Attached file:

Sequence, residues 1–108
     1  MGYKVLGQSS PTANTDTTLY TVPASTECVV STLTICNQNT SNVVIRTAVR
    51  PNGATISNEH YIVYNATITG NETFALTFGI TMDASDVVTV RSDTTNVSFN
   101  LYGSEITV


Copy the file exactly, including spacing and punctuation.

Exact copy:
Sequence, residues 1–108
     1  MGYKVLGQSS PTANTDTTLY TVPASTECVV STLTICNQNT SNVVIRTAVR
    51  PNGATISNEH YIVYNATITG NETFALTFGI TMDASDVVTV RSDTTNVSFN
   101  LYGSEITV